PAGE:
The shady messages are spread via Twitter, but bogus Facebook pages are also involved
Cybercriminals are relying on Twitter to launch a campaign that’s designed not only to phish out user credentials, but also to spread a piece of malware that’s capable of stealing other sensitive information from the victim’s computer.It all starts with a message on Twitter which reads: “facebook.com/URL check out Obama punch a guy in the face for calling him a nigger.”
Researchers from Panda Security, the ones who have first discovered this scheme, reveal that the attackers are relying on the outrageous message to trick users into clicking on the link.
Internauts who fall for it and click on the link are taken to a fake Facebook page where they’re prompted to enter their Twitter credentials.
The crooks will use the hijacked Twitter account to spread the Obama message. By using this technique, they can ensure that more people will click on the malicious link because the message appears to be coming from individuals they trust.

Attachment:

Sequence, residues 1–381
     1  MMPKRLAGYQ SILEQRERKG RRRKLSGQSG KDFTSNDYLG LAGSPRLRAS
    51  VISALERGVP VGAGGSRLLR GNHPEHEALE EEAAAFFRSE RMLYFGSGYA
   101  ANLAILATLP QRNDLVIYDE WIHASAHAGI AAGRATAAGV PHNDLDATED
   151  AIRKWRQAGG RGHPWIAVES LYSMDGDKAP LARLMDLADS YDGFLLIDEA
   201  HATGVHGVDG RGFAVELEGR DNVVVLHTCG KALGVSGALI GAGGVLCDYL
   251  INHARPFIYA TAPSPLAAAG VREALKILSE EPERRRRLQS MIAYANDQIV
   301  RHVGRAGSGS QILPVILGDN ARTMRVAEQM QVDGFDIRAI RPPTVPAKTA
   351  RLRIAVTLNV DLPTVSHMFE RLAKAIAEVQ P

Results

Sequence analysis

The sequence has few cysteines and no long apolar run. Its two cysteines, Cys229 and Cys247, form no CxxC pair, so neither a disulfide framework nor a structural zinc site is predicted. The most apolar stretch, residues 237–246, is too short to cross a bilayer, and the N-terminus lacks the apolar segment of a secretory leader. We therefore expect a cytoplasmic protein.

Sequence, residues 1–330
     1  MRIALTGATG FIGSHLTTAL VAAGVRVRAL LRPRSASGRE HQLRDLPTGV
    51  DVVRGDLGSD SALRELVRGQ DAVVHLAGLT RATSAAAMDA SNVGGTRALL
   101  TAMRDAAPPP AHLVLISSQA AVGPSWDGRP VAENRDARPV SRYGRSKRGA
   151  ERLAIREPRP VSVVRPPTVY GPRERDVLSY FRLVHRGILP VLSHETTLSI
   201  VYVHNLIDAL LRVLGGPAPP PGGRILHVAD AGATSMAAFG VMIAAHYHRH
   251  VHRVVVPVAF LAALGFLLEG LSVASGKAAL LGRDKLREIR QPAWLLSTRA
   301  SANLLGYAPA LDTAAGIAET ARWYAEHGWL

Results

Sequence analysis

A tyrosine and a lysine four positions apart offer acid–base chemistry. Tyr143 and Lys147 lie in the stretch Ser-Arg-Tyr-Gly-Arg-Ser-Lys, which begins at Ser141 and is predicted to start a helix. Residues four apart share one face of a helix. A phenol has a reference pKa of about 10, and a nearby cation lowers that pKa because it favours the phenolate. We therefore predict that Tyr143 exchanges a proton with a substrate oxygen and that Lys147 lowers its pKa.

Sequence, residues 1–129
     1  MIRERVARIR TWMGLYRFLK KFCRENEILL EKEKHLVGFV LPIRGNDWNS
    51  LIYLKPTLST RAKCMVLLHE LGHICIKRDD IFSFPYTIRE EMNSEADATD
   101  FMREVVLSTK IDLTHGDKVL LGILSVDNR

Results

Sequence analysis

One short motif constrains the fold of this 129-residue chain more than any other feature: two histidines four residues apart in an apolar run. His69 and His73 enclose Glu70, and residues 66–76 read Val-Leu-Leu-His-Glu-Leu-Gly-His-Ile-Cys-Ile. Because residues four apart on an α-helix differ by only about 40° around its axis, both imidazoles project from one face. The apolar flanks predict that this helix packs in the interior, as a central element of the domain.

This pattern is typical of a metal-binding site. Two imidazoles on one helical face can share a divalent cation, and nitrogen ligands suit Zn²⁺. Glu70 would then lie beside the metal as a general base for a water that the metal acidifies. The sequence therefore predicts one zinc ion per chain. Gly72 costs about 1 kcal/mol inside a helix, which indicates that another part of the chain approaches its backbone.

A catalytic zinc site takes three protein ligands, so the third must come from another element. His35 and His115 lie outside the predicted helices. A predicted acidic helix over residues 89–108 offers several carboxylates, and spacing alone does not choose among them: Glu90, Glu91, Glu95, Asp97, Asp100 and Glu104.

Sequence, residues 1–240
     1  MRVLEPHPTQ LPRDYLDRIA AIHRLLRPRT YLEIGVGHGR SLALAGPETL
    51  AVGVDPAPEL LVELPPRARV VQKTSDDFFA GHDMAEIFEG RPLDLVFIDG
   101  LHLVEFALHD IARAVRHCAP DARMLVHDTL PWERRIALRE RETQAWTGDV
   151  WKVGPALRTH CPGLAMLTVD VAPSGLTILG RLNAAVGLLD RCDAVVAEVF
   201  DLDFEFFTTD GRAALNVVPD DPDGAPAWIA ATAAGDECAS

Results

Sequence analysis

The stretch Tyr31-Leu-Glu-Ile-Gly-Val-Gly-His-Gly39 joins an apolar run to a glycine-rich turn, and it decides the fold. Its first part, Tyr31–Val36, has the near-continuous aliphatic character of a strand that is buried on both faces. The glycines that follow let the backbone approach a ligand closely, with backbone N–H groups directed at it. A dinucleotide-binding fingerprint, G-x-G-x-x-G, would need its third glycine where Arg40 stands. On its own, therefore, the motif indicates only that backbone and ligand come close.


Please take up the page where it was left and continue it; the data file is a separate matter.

However, after they hand over their username and password, it’s not over. Victims are taken to another bogus Facebook website, which apparently attempts to display a video.
The clip cannot be played because a so-called YouTube Player is needed. This YouTube Player actually hides the Koobface LP worm whose main goal is to steal all the personal information it can find on the victim’s device.
“This attack exploits the two most popular social networking sites, Facebook and Twitter, to trick users into believing they are viewing a trusted site,” Panda Labs’ Luis Corrons writes.
“It also relies on its victims’ curiosity by using a scandalous story involving U.S. President Barack Obama and racism. Cyber-criminals know people are curious by nature and take advantage of this to trick users and infect them with their creations.”
Users are advised to be on the lookout for such Twitter messages even if they come from friends. Now that President Obama has won the elections, it’s likely that we’ll stumble upon similar scams in the future.